Business, Eco-friendly, Environmental Hazards, Nature, Sustainability

Tasmanian Salmon Farm Reacts to Environmental Concerns

Salmon farm in Tasmania
Tassal, a Tasmanian salmon farm company, is facing environmental concerns.
Image: Shutterstock

Salmon farmer Tassal Group Limited has run into issues regarding complaints that its methods are having a detrimental effect on the environment. Complaints from abalone farmers, as well as a mussel farmer’s report of contamination from Tassal site runoff, were immediately rebutted by Tassal chief executive Mark Ryan.

“Everyone at Tassal believes that we are custodians of the environment that we operate in, and we take this role extremely seriously,” said Ryan. He also stated that the media are misrepresenting the information, which he also claims is outdated.

The company’s stock prices suggest the concerns are affecting business, though. For 14 months, shares have been extremely low, currently settled at $3.35. They’ve lagged about 25% over the last year.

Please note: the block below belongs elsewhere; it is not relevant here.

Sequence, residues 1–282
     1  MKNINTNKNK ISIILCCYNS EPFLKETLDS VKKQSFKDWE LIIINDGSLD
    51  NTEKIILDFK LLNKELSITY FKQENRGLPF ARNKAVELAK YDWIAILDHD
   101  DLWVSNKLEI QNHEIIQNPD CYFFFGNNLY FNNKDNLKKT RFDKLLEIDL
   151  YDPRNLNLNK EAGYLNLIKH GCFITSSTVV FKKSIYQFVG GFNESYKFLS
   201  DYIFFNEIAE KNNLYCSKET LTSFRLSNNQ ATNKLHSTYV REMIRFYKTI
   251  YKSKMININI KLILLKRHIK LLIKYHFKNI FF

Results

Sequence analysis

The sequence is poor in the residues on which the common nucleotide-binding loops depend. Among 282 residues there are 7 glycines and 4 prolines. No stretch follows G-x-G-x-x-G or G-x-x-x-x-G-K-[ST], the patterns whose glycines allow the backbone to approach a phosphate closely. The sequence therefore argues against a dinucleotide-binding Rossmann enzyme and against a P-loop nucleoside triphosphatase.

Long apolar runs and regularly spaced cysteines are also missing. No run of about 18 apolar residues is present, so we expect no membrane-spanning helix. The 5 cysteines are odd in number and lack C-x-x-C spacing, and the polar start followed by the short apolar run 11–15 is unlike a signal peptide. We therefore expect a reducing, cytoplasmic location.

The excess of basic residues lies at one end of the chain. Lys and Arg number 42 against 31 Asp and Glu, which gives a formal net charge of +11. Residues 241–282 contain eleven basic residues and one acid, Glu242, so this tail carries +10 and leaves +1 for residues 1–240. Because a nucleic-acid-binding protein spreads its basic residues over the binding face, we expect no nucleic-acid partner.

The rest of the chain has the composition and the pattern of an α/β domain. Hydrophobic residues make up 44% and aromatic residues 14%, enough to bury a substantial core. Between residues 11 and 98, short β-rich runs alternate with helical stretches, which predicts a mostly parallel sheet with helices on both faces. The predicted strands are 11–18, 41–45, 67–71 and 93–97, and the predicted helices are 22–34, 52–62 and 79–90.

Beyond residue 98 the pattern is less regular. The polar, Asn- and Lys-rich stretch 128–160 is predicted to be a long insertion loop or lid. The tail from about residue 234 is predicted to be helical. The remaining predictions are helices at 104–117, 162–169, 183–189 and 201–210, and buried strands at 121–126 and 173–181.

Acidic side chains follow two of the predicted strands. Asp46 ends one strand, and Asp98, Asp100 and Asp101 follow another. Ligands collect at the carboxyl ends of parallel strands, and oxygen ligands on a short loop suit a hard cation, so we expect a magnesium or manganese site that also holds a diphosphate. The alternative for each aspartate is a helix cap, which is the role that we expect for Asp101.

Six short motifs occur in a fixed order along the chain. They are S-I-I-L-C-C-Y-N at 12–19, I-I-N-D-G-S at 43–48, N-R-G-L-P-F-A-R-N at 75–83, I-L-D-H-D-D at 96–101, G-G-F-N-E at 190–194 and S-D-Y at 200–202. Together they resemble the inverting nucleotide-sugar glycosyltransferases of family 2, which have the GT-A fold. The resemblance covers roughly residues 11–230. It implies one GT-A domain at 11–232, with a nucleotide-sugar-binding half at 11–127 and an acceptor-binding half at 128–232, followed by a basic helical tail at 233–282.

Tassal employs 950 people and, according to Ryan, takes great pride in its partnership with the World Wildlife Federation. They are the only aquaculture company in Australia to have such an association.

With regard to the mussel farmer’s complaint, Ryan said the Tassal site in question responded quickly to concerns and is no longer in use as a main grow site. It does, however, still function as a temporary site to hold fish, but it is currently empty.

According to Shop Ethical, Tassal does have a fairly positive rating in terms of its historical environmental standards. However, as with many salmon farms, there are potential issues with antibiotic use, damage to the marine environment, and the problematic relationship between farmed salmon and wild-caught salmon.

Tassel’s current environmental issues may lead to a Senate inquiry into the broader Tasmanian aquaculture industry. In the past, however, Tasmania’s marine leases have been a state responsibility, so it’s unclear with what authority the Senate would intervene.

“This is not because of jurisdictional issues,” Ryan said. “It is because the Tasmanian aquaculture industry is already very well regulated.”


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